Also have a look at Seaborn's catplot function too (i.e. a categorical plot, which they used to call a factor plot), which gives you the ability to plot lots of genes in a "facet grid" in the same figure.

Instead of a swarm plot, another way to do it (which I might actually prefer, now that I've been playing with it for a while) is a Seaborn strip plot with jitter=True.

(Helpful side note: we're only introducing you a wee bit to data plotting this week. Learning Pandas in some depth is the bigger goal. If you aren't familiar with Matplotlib or Seaborn for plotting, that's fine -- don't start reading their manuals or tutorials yet. Instead, skip to the "massive hint" below. All you're really going to have to do here is take a working Seaborn script and figure out how to get it to plot what you want.)

What's going on in the Coriander mutant? Explain your findings.

turning in your work

Submit your Jupyter notebook page (a .ipynb file) to the course Canvas page under the Assignments tab. Please name your file <LastName><FirstName>_<psetnumber>.ipynb; for example, mine would be EddySean_03.ipynb.

Remember that we grade your psets as if they're lab reports. The quality of your text explanations of what you're doing (and why) are just as important as getting your code to work. We want to see you discuss both your analysis code, and your biological interpretations.


  • Lestrade et al. say they validated the data file, to make sure it contains no bad data, and they've even provided the script they used. This is another example (like last week) showing how to open a file, read it one line at a time, and split each line into whitespace-delimited fields that you can look at one at a time. (When you look at their script, you may also develop some worries about their data validation strategy.) This is a bare-bones starting point. Data science modules like Pandas give you more powerful tools for data file input and parsing.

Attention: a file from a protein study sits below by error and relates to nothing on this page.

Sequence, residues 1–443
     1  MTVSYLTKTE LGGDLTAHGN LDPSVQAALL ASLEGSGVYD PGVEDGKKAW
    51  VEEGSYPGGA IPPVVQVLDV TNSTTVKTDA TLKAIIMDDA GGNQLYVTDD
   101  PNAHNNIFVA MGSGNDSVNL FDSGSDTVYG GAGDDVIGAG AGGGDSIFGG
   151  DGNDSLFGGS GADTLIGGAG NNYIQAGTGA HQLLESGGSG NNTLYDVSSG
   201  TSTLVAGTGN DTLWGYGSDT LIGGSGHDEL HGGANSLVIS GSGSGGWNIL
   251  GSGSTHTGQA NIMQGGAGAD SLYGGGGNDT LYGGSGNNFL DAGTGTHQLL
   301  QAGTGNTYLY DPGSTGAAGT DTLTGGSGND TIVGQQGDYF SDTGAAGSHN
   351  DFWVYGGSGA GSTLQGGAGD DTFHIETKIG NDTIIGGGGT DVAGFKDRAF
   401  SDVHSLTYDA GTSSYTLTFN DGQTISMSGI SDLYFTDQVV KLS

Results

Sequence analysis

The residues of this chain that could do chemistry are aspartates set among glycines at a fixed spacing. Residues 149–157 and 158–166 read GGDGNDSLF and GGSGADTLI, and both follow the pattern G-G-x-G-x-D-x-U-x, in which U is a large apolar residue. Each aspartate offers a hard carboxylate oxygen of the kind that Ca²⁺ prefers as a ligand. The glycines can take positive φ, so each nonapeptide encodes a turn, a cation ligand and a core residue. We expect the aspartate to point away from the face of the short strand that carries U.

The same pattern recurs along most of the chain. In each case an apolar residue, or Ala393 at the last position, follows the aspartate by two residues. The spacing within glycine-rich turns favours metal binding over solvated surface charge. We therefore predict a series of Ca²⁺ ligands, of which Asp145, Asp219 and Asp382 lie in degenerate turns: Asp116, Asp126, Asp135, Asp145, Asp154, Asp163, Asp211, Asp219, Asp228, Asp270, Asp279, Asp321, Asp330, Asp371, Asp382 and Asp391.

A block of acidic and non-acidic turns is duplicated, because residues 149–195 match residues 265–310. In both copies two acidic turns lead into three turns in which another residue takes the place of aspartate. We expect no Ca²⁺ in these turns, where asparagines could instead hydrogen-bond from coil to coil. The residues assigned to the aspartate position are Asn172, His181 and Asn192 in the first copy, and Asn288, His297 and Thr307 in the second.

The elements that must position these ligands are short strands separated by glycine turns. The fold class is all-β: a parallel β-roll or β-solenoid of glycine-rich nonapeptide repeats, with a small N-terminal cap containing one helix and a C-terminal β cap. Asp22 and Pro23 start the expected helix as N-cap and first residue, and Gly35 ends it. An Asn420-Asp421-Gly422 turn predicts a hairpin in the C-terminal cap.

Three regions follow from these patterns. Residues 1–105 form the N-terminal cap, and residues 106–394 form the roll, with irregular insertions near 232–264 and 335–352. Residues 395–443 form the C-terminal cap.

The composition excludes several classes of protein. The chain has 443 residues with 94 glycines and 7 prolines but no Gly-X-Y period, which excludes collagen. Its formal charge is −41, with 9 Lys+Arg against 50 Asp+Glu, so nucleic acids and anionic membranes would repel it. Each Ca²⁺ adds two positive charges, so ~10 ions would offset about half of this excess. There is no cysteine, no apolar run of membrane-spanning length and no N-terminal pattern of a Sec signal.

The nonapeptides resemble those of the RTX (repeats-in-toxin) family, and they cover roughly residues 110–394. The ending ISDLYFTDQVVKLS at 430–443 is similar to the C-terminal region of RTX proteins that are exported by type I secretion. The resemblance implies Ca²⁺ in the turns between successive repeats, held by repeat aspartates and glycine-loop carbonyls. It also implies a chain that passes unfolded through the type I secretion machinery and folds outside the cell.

• There's two reasonable ways to make the 'tidy' data set, as we discussed in lecture, with different advantages and disadvantages. One form ('wide'), with each individual gene as a variable, is only mostly-tidy, but makes more sense for many kinds of analysis; another form ('long') with gene_name as a variable is fully tidy in Wickham's sense, and is easier to manipulate and plot in a Seaborn factorplot, at least for this exercise. Hint: check out the Pandas melt method, which allows you to convert any number of columns (measured variables - like, oh, say, 20,000 columns labeled as gene names for example) into a single variable in one column ("gene", for example).

  • Need an even more massive hint on using Seaborn to produce swarm plots and jittered strip plots? First, try your friend Google; you should be able to find examples of people using (struggling to use) Seaborn to make swarm plots or related plots such as boxplots. But if you get stuck, or if it's your first time plotting data with Python... Lestrade et al. have also provided the script they used to produce their boxplots, and a tidy data file that it will work on. This is a massive hint because it only takes a small tweak to make this produce your swarm plot -- so use it only if you're really stuck and frustrated.

  • The script with the massive plotting hint also shows an example of using the Pandas melt method to convert from "wide" to "long" tidy format for the data.